Staining

Posted by Lloyd on Dec 20, 2004

The stain idea came to me when I bought Ted Moores’ new book “Kayaks You Can Build.”

One boat, a Pygmy Coho, is finished with a green stained deck.

The CLC, a Mill Creek, is treated with a "premixed rosewood color dye."

Is a dye different than a stain?

These are beatiful. The book is a masterpiece too.

In the remainder of this message is describe what I think I understand of Ted Moores book, inserting some questions (You can find the questions by searching for a question mark “?”) , and see if some other points surface from you forum participants.

I. The staining must be done before any epoxy is applied.

II. Water or alcohol-soluble dyes must be used. Oil and epoxy don’t mix. Moores mentions Aniline dyes.

?Are Aniline dyes a standard dye available at wood working stores?

?Has anyone used Minwax products. Minwax has a water based stain decribed as an interior stain.

III. The surface must be prepared carefully and a grain raising step is suggested where the grain is raised by sponging with a little warm water. Following that a sanding is done with 220 grit sanding across the grain. Finally this surface is vacuumed.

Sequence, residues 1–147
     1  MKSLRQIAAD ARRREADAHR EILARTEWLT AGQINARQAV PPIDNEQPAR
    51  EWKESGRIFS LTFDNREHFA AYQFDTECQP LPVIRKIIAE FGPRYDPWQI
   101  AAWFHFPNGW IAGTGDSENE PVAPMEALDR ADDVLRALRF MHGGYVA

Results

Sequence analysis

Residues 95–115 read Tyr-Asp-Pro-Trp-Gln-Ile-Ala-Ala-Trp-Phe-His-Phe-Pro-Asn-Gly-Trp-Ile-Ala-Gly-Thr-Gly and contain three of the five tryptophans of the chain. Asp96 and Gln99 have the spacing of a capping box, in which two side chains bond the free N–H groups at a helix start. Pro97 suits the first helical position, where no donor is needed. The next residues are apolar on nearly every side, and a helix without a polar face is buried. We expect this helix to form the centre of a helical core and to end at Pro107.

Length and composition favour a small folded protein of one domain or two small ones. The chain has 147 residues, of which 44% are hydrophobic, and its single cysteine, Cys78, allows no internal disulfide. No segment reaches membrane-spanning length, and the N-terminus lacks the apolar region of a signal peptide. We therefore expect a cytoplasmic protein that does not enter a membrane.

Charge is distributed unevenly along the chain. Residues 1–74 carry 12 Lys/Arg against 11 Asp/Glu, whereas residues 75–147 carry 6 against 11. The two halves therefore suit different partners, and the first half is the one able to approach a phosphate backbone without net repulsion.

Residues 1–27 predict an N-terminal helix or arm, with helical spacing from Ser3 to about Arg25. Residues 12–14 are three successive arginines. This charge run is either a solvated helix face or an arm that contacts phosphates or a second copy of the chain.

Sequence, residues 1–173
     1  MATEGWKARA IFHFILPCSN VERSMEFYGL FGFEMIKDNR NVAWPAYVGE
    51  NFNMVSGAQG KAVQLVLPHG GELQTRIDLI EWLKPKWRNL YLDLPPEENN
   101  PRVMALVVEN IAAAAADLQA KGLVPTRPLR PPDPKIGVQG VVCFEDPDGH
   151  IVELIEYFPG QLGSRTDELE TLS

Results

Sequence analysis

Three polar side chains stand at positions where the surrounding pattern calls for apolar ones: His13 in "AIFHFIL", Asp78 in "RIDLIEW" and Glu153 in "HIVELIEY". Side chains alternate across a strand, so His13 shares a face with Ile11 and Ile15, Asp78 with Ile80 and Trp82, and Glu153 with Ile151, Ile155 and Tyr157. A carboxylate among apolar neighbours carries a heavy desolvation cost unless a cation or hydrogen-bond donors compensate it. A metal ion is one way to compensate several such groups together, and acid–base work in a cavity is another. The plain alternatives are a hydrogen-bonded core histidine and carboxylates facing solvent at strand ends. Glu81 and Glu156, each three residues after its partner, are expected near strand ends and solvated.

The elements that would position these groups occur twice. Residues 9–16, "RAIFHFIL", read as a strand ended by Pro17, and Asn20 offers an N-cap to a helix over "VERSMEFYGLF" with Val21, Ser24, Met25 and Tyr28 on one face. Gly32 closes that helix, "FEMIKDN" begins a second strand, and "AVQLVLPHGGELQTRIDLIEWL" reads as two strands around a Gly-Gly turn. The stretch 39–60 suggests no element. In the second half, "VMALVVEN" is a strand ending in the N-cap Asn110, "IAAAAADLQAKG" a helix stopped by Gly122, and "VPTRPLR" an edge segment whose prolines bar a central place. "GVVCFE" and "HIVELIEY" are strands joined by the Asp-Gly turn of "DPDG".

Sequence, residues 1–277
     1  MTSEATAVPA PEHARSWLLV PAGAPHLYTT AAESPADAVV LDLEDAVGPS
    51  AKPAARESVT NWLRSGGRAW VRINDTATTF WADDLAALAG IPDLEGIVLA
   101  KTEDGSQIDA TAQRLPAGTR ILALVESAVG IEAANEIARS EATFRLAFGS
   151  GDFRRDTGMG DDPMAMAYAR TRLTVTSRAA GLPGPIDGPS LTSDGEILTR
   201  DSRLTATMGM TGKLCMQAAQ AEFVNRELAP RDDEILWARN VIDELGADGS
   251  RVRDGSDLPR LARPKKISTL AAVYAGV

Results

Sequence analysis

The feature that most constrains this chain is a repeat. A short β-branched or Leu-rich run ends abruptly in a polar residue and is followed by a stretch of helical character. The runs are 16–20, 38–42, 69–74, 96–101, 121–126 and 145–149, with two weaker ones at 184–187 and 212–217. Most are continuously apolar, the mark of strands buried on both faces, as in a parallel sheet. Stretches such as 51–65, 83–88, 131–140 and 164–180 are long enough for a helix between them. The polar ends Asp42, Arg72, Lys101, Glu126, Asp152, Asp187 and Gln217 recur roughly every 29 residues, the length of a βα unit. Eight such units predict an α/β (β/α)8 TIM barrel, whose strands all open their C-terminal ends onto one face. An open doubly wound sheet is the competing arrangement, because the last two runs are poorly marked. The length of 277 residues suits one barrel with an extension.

IV. The Moores takes another grain raising step (Here I wasn’t certain if this was in addition to Step III above). In this current step he applies a weak solution of the dye (50/50), then sands across the grain. He repeats here that it is important to keep a wet edge and to keep moving to avoid any puddles which change the intensity of the stain effect. Again he vacuums, using a brush attachment.

V. Then a full strength dye is applied and again he counsels that one must watch carefully to avoid an variation in the application.

VI. Following the full strength dye he allowed the panel to dry for twenty-four hours then lightly rubbed it down with a fine Scotchbrite pad.

VII. Now comes the epoxy as a sealer. He used one coat of sealer, but suggest two could be used.

?Does this sealing step cause a problem by making the panels too stiff and thus increasing the difficulty of the stitching step?

VII. All of the above happens before the deck panels are joined, later they are stitched together, and after that the deck is fiber glassed.

?When the deck is fiber glassed later the panels will require sanding for the epoxy/fiber glass to adhere, correct? Moores may spell that out but I haven’t found it yet.

This is a big book.

I am especially concerned that the sealing with epoxy will stiffen panel too much for the bending required with assembly.

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